In January 2010, Swiss Humanitarian Aid responded as soon as the scale of the damage caused by the earthquake was known. It dispatched a total of 170 tonnes of relief supplies to assist the victims. A team of 150 experts from the Swiss Humanitarian Aid Unit (SHA) was quickly deployed to the affected areas. The experts were active in various fields: water, hygiene, medicine, construction, coordination and logistics.
Emergency aid followed by sustainable reconstruction
In the first months after the disaster, Swiss doctors from the SHA cared for over 800 patients, performing 620 operations and delivering around one hundred babies. The Swiss experts distributed survival kits and equipment to build temporary shelters. They also set up around 50 water points, which provided 50,000 people with drinking water each day. Tents were erected outside a number of destroyed schools to allow classes to continue.
In March 2010, the Federal Council decided to allocate CHF 36 million for the reconstruction effort in Haiti. In July of that year, the SDC opened a Competence Centre for Reconstruction in Port-au-Prince, comprising SHA and private-sector experts.
The SDC focused its efforts on rebuilding school infrastructure. It was the first organisation to obtain permission from the Haitian education ministry to build permanent schools after the earthquake. It is building 12 schools and at the same time training over 1,000 masons. All of the buildings meet standards for earthquake and hurricane resistance, thereby reducing the vulnerability of local people to natural hazards.
Poverty: the other major challenge
Switzerland's humanitarian activities provided vital assistance to the survivors of the disaster. But Haiti was – and still is – mired in extreme poverty. The Caribbean island is one of the poorest countries in the world. In 2012, two years after the earthquake, 60% of Haitians were living below the poverty line of USD 2.41 per day.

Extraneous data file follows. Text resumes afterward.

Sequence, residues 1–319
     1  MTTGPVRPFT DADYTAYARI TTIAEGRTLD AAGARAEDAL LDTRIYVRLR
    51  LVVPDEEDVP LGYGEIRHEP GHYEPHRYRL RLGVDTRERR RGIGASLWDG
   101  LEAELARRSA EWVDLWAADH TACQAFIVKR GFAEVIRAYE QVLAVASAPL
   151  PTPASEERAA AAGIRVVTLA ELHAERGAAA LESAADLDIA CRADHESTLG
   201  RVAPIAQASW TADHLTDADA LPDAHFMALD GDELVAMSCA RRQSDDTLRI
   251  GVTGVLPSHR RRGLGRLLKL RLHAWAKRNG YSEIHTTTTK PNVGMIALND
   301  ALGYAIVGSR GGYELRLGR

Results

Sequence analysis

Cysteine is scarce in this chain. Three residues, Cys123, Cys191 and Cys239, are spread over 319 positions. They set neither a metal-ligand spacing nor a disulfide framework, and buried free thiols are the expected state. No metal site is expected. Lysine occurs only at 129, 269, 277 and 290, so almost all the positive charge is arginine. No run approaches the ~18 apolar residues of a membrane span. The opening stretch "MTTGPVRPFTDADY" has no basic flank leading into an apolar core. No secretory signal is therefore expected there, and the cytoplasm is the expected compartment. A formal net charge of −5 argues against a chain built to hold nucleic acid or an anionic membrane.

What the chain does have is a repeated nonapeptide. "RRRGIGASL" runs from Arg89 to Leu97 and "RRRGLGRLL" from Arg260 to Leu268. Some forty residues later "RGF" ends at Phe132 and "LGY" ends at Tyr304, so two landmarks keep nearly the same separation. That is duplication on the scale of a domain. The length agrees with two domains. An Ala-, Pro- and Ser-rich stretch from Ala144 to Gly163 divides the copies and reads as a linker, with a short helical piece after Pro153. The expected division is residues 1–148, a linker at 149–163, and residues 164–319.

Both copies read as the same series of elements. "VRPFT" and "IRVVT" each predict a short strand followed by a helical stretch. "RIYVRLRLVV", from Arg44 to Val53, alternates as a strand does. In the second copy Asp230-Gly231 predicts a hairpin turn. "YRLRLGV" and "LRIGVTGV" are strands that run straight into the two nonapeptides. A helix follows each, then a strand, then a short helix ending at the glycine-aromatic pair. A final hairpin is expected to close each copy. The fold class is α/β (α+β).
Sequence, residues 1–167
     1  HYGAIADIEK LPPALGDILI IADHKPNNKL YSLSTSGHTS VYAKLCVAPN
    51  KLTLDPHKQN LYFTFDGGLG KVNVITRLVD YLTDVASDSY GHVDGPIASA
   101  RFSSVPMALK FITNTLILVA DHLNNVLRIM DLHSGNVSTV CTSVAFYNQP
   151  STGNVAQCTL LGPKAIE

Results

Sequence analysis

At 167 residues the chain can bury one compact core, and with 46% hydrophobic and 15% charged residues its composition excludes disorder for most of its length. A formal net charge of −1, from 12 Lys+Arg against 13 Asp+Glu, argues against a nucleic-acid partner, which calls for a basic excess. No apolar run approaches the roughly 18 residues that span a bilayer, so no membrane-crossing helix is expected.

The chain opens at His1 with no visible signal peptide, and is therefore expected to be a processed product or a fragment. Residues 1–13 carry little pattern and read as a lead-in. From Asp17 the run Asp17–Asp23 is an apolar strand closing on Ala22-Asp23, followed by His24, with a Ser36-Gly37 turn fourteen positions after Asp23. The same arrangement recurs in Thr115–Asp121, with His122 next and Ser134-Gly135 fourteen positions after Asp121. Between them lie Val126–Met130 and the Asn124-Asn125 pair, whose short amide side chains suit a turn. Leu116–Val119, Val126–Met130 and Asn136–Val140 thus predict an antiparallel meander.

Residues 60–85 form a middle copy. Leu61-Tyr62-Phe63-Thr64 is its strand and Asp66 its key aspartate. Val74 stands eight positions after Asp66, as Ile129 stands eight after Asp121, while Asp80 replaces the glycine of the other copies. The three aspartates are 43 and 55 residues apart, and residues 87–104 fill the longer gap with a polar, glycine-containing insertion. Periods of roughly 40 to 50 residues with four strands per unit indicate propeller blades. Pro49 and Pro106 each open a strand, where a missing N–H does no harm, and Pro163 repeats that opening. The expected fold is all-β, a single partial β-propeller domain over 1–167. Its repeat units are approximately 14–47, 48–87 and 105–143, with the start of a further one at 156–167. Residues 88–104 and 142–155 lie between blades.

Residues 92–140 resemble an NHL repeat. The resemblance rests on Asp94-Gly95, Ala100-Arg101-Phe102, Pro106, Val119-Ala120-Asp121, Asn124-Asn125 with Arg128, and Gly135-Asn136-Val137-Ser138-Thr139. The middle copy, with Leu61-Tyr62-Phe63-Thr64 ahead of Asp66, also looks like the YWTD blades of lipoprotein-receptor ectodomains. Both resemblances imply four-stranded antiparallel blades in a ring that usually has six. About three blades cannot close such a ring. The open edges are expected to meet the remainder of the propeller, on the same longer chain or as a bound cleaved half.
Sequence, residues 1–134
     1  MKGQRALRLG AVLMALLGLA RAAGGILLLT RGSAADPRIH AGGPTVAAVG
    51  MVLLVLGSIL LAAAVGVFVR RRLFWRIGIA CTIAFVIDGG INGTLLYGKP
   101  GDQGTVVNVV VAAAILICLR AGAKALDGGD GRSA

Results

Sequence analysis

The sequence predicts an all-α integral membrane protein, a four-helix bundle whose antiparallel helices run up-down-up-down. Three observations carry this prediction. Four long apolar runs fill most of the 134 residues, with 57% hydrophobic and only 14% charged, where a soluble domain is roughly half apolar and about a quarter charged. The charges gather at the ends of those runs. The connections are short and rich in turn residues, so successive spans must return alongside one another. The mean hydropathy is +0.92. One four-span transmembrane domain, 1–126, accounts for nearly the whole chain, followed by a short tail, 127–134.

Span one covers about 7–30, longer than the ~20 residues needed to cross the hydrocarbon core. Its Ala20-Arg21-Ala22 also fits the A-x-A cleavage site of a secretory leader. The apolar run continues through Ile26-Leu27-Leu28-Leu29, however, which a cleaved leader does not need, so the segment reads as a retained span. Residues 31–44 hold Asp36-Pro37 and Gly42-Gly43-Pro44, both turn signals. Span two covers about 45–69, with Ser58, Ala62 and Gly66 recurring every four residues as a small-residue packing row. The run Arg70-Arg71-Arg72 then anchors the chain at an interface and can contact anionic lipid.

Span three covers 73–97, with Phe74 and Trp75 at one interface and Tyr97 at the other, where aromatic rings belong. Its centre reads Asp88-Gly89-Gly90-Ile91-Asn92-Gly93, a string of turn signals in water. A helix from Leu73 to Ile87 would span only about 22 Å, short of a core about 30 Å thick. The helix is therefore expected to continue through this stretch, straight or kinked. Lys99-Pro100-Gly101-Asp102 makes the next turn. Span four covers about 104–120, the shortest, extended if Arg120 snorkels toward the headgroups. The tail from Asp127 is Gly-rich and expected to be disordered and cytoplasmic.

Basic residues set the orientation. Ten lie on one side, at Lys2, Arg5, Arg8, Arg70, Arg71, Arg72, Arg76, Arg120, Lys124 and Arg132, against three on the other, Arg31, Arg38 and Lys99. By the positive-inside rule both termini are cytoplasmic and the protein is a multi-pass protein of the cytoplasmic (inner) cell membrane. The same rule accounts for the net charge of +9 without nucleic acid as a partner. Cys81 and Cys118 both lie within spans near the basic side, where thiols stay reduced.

From 2013, Haiti became a priority country for Swiss cooperation. The SDC has launched a range of long-term development programmes in Haiti. The aim is to improve the living conditions of the population in a sustainable manner, reduce poverty and strengthen local government administration.
The SDC expects that within a few years, the resources it allocates to development aid will match those spent on humanitarian aid. The SDC supports numerous projects focused on good governance, agriculture and food security, and employment and economic development.
Another disaster in 2016
On 4 October 2016, Haiti was once again struck by a natural disaster. Winds exceeding 250km/h battered south-western Haiti, causing major damage and claiming hundreds of lives. Flooding and landslides caused by torrential rain exacerbated the situation. As it had done after the earthquake in 2010, Swiss Humanitarian Aid again sent teams and equipment to the island. The schools it had built after the earthquake withstood Hurricane Matthew and were used as shelters for the population during and after the disaster.
Given Haiti's vulnerability to natural hazards and the unstable socio-political situation, the SDC has adopted a complementary approach, combining humanitarian aid and development cooperation activities. This philosophy forms the basis of Switzerland's cooperation strategy in Haiti until 2021.